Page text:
Nafees responds to pressure
Shahriar Nafees's half-century on the first day of the second Test against Pakistan has put the other two Test fifties he made this year in the shade. Despite the significance of half-centuries in Harare and Chittagong, this innings has reinforced his place in the Bangladesh top-order from a position that could accurately be described as "hanging by a thread".
It was hardly a secret that Nafees was the most vulnerable among the top-order to get the sack after a string of low scores beginning from the second Test against West Indies at the end of November. In this ongoing series, he was averaging 13.4 in five innings before he walked out to bat in the third over of the cold, murky morning.
The pressure on him at that point was mostly at a personal level. He was one bad Test match away from oblivion. Having made two comebacks in his five-year international career already, expecting a third would have been quite un-Bangladeshi for a cricketer.
There was a time this year when he had struck three fifties in a row, two of them coming against Australia in the April ODIs. He carried that form into Zimbabwe but after a flashy 50 in the second innings, he looked out of sorts in the ODIs. He started off the West Indies series with a duck in the third one-dayer before being slammed on the head by Fidel Edwards in the first innings in Chittagong. He struck an unconvincing 50 in the second innings, though given his state of health, it was appreciable.
So when he saw Tamim Iqbal, Mahmudullah and Nasir Hossain trudge back to the pavilion in the first hour, it was clear that Nafees had to survive the onslaught of Pakistan. Shakib Al Hasan was, thankfully, striding out and it was quite clear what lay ahead for the left-handers.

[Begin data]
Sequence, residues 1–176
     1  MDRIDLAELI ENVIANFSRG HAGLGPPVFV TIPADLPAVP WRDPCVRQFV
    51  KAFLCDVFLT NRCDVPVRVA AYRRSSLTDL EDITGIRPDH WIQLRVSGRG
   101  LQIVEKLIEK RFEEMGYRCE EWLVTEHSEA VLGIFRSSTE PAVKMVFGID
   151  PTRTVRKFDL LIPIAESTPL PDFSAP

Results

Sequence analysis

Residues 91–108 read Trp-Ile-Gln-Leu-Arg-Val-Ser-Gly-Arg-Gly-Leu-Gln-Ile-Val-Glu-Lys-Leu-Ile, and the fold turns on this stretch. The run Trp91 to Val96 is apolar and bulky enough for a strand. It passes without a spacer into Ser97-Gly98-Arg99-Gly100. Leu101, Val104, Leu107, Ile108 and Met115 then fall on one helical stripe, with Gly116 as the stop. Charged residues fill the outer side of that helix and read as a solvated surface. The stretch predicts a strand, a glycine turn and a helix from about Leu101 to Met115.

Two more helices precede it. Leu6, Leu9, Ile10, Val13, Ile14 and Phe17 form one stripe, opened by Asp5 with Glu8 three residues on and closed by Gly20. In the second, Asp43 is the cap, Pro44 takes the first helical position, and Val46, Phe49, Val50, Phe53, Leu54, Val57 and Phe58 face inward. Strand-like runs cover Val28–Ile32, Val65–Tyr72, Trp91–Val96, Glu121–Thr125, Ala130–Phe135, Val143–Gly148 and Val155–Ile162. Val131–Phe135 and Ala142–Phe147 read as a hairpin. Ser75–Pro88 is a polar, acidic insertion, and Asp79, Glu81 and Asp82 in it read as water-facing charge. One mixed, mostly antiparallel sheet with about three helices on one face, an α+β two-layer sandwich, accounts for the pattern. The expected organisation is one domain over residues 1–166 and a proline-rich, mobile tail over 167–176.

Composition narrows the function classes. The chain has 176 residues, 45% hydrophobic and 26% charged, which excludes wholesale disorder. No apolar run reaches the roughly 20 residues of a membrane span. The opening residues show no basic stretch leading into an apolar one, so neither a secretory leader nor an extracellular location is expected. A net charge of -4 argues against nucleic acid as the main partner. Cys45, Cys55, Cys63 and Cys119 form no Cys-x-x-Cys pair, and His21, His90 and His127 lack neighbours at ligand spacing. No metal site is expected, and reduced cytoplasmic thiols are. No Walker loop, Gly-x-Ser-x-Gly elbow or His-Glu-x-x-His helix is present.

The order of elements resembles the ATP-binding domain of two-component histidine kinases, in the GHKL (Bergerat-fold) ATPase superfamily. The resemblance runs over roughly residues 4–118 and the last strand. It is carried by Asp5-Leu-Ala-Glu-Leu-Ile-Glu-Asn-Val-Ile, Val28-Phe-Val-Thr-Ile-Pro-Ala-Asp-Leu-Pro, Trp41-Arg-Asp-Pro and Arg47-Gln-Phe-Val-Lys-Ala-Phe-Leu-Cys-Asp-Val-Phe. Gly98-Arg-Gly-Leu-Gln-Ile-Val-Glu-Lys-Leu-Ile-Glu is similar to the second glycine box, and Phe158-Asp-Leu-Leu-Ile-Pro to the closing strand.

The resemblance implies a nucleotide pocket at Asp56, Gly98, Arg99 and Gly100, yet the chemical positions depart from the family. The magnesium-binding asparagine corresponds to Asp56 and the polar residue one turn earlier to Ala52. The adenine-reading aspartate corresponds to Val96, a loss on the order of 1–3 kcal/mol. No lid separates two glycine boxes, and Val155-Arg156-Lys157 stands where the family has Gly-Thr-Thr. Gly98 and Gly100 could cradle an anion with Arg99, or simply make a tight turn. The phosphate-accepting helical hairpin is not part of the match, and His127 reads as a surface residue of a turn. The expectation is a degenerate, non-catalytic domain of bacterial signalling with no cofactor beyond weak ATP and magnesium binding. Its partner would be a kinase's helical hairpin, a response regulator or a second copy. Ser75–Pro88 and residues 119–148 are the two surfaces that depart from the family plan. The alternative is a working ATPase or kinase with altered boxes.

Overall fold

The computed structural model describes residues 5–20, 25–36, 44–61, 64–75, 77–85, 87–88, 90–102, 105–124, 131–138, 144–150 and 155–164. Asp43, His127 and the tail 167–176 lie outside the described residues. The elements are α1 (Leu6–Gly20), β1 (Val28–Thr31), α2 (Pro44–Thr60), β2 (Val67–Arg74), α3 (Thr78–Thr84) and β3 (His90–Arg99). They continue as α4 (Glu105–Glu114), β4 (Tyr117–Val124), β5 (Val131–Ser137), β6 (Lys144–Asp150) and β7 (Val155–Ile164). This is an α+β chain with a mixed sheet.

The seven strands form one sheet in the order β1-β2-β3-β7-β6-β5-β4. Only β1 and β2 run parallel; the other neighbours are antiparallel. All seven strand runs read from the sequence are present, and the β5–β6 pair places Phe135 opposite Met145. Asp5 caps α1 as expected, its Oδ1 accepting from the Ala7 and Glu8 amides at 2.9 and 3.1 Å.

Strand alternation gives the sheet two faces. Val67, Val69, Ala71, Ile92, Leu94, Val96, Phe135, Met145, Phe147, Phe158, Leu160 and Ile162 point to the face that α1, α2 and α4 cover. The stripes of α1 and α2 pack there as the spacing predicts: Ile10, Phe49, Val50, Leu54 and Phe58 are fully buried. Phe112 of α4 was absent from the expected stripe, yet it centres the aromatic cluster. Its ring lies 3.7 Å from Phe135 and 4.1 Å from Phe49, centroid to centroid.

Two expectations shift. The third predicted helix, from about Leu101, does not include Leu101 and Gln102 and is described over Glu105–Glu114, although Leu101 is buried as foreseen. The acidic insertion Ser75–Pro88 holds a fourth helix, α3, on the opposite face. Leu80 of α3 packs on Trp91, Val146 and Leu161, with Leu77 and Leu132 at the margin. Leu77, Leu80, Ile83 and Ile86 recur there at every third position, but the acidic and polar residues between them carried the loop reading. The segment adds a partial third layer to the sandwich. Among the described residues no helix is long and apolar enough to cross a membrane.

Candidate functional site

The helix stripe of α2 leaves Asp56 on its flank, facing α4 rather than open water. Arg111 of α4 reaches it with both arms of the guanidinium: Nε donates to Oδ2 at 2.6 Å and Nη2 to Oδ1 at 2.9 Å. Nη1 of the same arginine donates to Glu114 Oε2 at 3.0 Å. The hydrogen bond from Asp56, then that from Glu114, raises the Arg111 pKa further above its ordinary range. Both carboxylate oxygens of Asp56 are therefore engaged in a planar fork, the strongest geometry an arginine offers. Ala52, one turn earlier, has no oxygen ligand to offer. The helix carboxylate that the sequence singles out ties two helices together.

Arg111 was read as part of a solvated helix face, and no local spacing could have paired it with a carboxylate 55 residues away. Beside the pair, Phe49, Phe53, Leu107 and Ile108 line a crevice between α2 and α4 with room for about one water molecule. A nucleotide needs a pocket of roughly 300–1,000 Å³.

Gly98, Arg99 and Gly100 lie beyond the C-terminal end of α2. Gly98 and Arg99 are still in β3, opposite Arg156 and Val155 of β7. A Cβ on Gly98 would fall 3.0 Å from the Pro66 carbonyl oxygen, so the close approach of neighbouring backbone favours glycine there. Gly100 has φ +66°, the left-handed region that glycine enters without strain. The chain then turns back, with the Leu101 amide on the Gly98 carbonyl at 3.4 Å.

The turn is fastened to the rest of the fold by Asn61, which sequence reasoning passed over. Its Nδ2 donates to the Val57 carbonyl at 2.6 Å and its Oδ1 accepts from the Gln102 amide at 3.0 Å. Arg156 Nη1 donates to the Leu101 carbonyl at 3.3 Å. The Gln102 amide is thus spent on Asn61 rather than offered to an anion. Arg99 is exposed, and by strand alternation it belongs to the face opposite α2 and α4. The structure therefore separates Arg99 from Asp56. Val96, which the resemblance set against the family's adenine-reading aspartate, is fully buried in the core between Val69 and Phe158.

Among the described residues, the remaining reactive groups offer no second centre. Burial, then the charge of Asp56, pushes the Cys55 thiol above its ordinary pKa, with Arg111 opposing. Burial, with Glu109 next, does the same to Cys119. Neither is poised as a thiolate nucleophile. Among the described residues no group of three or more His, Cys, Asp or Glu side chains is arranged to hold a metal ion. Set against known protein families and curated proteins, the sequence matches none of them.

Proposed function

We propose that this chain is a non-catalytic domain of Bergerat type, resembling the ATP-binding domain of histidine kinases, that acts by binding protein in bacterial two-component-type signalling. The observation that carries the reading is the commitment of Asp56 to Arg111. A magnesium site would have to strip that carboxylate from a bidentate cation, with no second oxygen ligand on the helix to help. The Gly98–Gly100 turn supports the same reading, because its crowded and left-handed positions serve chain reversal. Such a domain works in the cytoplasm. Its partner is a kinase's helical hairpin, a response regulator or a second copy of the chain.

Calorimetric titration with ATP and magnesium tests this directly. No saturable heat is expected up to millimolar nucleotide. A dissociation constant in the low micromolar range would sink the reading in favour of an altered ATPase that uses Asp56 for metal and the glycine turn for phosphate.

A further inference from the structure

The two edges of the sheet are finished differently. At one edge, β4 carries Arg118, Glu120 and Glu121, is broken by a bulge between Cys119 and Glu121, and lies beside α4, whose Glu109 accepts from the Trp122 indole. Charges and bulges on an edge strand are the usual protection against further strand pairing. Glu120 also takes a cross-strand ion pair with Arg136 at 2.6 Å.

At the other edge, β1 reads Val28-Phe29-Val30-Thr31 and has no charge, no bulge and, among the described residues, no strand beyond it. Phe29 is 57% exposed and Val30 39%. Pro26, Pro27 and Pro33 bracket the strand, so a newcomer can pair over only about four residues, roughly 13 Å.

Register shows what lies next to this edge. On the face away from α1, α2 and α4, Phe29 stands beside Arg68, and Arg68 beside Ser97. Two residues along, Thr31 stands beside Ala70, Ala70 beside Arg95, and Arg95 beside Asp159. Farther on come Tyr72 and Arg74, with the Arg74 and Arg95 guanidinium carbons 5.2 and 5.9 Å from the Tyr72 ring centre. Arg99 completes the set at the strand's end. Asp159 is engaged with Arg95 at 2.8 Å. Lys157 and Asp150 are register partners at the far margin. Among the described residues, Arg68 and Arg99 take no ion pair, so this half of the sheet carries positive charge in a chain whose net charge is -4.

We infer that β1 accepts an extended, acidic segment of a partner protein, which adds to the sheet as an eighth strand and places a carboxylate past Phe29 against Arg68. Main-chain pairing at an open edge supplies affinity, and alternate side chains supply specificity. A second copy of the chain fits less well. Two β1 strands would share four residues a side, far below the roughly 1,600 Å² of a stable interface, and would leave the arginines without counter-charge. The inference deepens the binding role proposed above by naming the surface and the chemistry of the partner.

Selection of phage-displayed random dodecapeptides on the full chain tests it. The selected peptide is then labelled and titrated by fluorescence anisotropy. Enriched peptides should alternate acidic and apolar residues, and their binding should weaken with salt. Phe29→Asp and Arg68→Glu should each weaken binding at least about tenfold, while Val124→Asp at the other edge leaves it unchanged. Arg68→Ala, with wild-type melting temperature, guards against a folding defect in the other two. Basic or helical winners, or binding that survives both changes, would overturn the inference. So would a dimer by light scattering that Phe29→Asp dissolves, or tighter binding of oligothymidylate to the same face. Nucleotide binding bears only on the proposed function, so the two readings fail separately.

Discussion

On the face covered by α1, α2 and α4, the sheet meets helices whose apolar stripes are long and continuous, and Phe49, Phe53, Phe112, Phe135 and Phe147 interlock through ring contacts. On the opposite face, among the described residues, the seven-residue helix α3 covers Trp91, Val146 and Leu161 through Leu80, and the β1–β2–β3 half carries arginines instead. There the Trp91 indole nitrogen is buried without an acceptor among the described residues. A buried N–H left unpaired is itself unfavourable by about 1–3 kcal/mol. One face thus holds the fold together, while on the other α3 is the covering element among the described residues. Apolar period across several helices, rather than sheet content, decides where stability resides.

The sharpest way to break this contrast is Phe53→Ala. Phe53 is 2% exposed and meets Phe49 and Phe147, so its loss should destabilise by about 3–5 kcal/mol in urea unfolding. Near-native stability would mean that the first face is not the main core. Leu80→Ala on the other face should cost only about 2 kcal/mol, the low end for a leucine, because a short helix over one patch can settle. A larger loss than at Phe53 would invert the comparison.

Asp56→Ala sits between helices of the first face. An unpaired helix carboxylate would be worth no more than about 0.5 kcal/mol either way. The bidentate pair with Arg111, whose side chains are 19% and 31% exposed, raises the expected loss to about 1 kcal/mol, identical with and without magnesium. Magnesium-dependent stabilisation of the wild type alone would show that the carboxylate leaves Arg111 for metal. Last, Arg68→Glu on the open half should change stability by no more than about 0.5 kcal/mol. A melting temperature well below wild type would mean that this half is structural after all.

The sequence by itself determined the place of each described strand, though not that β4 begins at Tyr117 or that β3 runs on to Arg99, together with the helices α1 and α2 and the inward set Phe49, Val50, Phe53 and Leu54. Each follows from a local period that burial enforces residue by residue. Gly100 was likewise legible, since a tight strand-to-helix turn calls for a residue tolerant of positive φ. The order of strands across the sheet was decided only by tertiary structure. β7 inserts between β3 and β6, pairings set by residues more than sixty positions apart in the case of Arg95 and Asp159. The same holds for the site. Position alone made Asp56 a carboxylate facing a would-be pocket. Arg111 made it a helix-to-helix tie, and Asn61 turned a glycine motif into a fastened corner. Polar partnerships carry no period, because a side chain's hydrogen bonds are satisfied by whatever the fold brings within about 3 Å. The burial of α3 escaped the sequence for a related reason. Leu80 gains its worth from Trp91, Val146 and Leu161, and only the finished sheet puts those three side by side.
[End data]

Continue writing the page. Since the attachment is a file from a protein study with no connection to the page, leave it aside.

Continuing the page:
After surviving till lunch, both batted at a fair pace to add 99 during the second session in 25 overs. Though innocuous, it meant a whole lot more for the Bangladesh side. This was the first time in almost two years that a pair had batted through a session without getting dismissed. The last time it happened was in March 2010 when Junaid Siddique and Mushfiqur Iahim were battling for survival against England. On that occasion too, one of them made a century (Junaid) and the other fell in the nineties (Mushfiqur).
Shakib went on to score his second Test century while Nafees fell in the nineties when a real snorter from Umar Gul had him fending to the wicketkeeper but his broad smile said something else.
"It is satisfying to have made the runs against this attack and in such conditions and especially when the team was in trouble," he told ESPNcricinfo, adding that he tried to focus on only two things during the four-and-a-half hour stay.
"Whoever I've met after the last Test whether it was family members, ex-cricketers, management, journalists, etc they said that I looked very hurried. I didn't want to do it today," Nafees said. "The other thing was that I won't get out badly. I could be out but I didn't want to raise the question of why you got out like this?"
His distinct lack of regret couldn't hide the fact that he was just pleased to score the runs but also that he had little to do against that particular delivery. "I couldn't move my hand, unfortunately. I was disappointed at once but I got out to a good ball so there isn't much to do. If I got out to a bad ball, then I'd have felt bad," he said.
The 180-run stand between Shakib and Nafees was also the highest fifth wicket stand for Bangladesh in Test cricket. Importantly, it took Bangladesh out of the woods and into a position of promise.
Nafees was highly grateful to Shakib's class as a batsman, which allowed him to relax at his end and the runs came more frequently. "The team needed this partnership. We weren't in a good situation when Shakib walked in. There was much to learn from this. I wanted to keep myself in control. We talked normally, nothing big, in the middle. Tried to enjoy the situation.
"Shakib is very cool when he bats," said Nafees. "He can calm things down. He was doing it today, playing spin so well. It became easier at my end. We talked constantly. The best part of the partnership was that we took a lot of singles, it took off the pressure from us."
This innings has taught him a few lessons, especially to calm down and not rush into decisions. Striking though would be the fact that a batsman in the Bangladesh team only reacts when his backs are firmly against the wall, his skills coming out and the mental blocks removed when the fear of the chop comes to the fore.
Mohammad Isam is senior sports reporter at the Daily Star in Dhaka